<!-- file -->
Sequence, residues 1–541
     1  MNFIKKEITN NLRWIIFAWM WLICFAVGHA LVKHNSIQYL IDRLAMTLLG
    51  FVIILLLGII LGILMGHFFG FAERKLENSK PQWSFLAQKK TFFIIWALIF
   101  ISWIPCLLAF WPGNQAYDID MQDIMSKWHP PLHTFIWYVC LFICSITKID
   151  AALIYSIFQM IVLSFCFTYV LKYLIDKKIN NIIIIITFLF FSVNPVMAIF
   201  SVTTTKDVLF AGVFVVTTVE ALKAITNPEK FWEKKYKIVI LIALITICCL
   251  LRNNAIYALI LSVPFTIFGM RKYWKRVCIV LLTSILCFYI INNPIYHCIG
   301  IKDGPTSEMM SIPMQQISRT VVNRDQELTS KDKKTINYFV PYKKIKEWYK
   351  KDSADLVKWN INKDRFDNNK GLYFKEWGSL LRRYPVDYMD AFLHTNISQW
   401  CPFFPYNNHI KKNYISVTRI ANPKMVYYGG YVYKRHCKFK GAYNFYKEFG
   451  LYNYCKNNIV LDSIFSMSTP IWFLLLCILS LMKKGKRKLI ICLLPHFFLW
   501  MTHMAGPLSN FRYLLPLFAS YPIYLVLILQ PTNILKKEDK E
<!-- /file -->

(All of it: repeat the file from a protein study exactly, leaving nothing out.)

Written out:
Sequence, residues 1–541
     1  MNFIKKEITN NLRWIIFAWM WLICFAVGHA LVKHNSIQYL IDRLAMTLLG
    51  FVIILLLGII LGILMGHFFG FAERKLENSK PQWSFLAQKK TFFIIWALIF
   101  ISWIPCLLAF WPGNQAYDID MQDIMSKWHP PLHTFIWYVC LFICSITKID
   151  AALIYSIFQM IVLSFCFTYV LKYLIDKKIN NIIIIITFLF FSVNPVMAIF
   201  SVTTTKDVLF AGVFVVTTVE ALKAITNPEK FWEKKYKIVI LIALITICCL
   251  LRNNAIYALI LSVPFTIFGM RKYWKRVCIV LLTSILCFYI INNPIYHCIG
   301  IKDGPTSEMM SIPMQQISRT VVNRDQELTS KDKKTINYFV PYKKIKEWYK
   351  KDSADLVKWN INKDRFDNNK GLYFKEWGSL LRRYPVDYMD AFLHTNISQW
   401  CPFFPYNNHI KKNYISVTRI ANPKMVYYGG YVYKRHCKFK GAYNFYKEFG
   451  LYNYCKNNIV LDSIFSMSTP IWFLLLCILS LMKKGKRKLI ICLLPHFFLW
   501  MTHMAGPLSN FRYLLPLFAS YPIYLVLILQ PTNILKKEDK E